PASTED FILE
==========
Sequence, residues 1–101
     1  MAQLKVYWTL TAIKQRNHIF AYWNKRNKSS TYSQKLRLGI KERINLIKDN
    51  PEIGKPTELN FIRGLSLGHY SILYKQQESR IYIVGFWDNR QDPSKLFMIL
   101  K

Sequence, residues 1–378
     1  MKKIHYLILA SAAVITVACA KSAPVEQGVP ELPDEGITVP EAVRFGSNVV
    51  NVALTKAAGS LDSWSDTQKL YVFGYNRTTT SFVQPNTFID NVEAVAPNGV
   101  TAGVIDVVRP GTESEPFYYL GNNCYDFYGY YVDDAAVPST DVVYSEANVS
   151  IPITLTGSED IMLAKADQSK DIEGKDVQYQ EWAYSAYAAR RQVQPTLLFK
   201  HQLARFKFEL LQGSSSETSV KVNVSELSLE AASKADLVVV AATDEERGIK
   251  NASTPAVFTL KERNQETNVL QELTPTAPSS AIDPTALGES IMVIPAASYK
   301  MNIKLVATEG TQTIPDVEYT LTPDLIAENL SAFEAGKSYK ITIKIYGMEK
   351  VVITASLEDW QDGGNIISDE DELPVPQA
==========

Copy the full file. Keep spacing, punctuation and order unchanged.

Sequence, residues 1–101
     1  MAQLKVYWTL TAIKQRNHIF AYWNKRNKSS TYSQKLRLGI KERINLIKDN
    51  PEIGKPTELN FIRGLSLGHY SILYKQQESR IYIVGFWDNR QDPSKLFMIL
   101  K

Sequence, residues 1–378
     1  MKKIHYLILA SAAVITVACA KSAPVEQGVP ELPDEGITVP EAVRFGSNVV
    51  NVALTKAAGS LDSWSDTQKL YVFGYNRTTT SFVQPNTFID NVEAVAPNGV
   101  TAGVIDVVRP GTESEPFYYL GNNCYDFYGY YVDDAAVPST DVVYSEANVS
   151  IPITLTGSED IMLAKADQSK DIEGKDVQYQ EWAYSAYAAR RQVQPTLLFK
   201  HQLARFKFEL LQGSSSETSV KVNVSELSLE AASKADLVVV AATDEERGIK
   251  NASTPAVFTL KERNQETNVL QELTPTAPSS AIDPTALGES IMVIPAASYK
   301  MNIKLVATEG TQTIPDVEYT LTPDLIAENL SAFEAGKSYK ITIKIYGMEK
   351  VVITASLEDW QDGGNIISDE DELPVPQA